There was the entire Kytherian police force, the priest, and very many excited relatives of Queensland consul Alec.
Friligianika – “Freeleagusville”, I kept translating it mentally - is the ancestral base of Alec's forbears.
It is a tiny, windswept group of little white-washed houses. Your Main impression is of rocks a - hard, grey rocks. Everywhere they have been cleared, or piled up, or made into cottages or fences.
And the Freeleagus windmill. The Freeleagus's was especially important
because of this. For miles around, farmers in the past had to bring their grain to the cloth-sailed mill for grinding. Today the 200-year-old mill is a relic. Its iron roof is gaping and rusty.
Alec's father's old home, the cottage he left at 12 for Australia, is in good shape, but deserted. Inside it is musty. There's a giant fireplace. The rooms are small, their walls thick with layers of whitewash. Here, for generations, were born and reared members of the Freeleagus main family line.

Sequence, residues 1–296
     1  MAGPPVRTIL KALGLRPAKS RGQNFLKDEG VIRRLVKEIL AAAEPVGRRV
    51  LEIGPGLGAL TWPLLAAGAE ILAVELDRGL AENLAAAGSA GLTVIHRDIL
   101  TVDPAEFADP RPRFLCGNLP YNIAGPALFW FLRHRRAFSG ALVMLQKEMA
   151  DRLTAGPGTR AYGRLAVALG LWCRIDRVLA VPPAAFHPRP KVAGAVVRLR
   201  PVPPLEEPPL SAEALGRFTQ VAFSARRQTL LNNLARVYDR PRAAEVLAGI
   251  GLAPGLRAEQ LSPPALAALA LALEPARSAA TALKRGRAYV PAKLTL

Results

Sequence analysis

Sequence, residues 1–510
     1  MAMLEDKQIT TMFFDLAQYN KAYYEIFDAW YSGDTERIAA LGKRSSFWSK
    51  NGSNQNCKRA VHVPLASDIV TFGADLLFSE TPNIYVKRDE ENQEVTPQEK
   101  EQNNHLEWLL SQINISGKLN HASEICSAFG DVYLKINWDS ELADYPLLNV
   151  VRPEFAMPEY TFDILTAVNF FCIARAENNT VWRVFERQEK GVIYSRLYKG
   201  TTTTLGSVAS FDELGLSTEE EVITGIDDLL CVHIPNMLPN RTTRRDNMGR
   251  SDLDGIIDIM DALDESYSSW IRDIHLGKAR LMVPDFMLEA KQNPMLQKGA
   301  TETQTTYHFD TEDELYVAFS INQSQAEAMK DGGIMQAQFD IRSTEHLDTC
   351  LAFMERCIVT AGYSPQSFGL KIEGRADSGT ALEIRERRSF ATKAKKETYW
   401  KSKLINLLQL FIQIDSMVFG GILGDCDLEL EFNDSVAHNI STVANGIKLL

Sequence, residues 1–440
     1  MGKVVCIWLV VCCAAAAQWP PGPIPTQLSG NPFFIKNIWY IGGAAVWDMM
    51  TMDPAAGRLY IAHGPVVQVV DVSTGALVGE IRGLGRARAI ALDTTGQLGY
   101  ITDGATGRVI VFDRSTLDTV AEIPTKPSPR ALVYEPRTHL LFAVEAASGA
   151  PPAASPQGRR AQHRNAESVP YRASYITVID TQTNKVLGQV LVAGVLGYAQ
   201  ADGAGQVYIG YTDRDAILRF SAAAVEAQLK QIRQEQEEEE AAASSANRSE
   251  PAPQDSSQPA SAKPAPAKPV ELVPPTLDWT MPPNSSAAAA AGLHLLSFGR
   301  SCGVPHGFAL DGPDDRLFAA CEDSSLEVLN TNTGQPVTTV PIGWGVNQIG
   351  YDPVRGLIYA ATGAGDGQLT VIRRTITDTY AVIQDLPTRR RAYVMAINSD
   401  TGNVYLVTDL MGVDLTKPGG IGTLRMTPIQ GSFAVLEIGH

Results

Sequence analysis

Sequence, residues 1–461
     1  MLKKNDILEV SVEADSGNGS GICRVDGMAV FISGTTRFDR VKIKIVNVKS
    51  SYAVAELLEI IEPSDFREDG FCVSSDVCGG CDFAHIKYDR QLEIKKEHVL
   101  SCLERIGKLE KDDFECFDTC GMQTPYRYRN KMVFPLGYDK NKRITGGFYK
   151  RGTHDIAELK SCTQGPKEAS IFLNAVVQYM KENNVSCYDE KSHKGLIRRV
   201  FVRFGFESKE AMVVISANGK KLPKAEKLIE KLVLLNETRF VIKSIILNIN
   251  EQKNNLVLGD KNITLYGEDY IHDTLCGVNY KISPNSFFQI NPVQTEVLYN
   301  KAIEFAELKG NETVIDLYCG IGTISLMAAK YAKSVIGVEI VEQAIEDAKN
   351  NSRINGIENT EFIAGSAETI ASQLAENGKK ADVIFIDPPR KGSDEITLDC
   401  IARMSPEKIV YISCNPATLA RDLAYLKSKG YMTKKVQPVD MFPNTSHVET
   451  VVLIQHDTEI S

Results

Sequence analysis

It was in the village of Friligianika Kythera’s remarkable links with Queensland began to show.
Peter Frilingos, 73, told me how he had been in Brisbane front 1922 to 1935. He used to own the old Central Café in Edward Street. “Near the-old Brisbane Courier building," Peter explained. "Then later, for 61 years I had the Crown Cafe — in George Street, near the courthouse."
We drove through Arondianika, a rocky, scrubby hamlet on the Kytherian moorlands, alive with bright yellow bloom. It is the home village of the Aroney family — well-known in Queensland and New South Wales.
Today most of the Aroneys seem to have emigrated, their farms deserted enclosures with rock fences.
A stop at a village named Karvounades. A sip of ouzo and a nibble of grilled octopus at an open air table facing the church.
The cafe owner is Con Lourandos. His brother Nick, a retired N.S.W. wheat grower living in Sydney, recently endowed the chair of Modern Greek language at Sydney University. Also, Nick gave Karvournades its bright, modern school. '
Through Kythera township – to Kapsali, the fishing port with its old Venetian castle. "It was from these battlements that Kytherians in World War II cheered as the cruiser Sydney sank the Italian warship Bartolomeo Colleoni, one of the locals told me.